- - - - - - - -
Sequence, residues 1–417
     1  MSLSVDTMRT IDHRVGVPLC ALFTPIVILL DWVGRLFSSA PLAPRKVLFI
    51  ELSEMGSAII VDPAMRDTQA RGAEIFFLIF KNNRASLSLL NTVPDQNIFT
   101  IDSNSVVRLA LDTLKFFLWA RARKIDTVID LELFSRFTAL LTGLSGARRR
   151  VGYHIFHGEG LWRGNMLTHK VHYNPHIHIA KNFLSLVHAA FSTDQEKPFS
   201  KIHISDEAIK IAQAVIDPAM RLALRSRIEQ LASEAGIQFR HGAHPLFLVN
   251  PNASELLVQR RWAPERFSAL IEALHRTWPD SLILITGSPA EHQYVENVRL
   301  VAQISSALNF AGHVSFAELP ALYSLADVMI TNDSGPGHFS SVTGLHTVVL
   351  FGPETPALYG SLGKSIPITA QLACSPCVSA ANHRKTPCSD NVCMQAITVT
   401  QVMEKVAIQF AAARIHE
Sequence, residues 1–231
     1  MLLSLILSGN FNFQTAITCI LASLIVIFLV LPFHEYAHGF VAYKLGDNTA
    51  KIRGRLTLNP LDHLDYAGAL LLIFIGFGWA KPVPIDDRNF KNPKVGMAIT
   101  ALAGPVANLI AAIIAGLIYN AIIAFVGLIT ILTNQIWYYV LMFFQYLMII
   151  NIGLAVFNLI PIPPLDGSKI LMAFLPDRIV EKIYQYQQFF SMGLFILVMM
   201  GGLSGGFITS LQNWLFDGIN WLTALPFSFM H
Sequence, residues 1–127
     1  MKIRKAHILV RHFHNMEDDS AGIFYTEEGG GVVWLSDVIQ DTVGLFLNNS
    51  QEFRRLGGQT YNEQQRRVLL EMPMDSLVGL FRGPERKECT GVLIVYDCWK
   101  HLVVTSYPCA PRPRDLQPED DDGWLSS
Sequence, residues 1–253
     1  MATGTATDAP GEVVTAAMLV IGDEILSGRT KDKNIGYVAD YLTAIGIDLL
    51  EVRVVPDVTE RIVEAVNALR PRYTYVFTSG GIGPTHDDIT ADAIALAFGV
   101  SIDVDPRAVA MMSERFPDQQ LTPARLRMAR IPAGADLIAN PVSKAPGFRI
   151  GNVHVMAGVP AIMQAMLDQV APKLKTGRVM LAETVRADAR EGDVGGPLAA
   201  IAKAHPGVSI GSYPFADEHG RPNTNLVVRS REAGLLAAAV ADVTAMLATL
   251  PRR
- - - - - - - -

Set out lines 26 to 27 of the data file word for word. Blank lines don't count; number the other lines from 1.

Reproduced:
   201  IAKAHPGVSI GSYPFADEHG RPNTNLVVRS REAGLLAAAV ADVTAMLATL
   251  PRR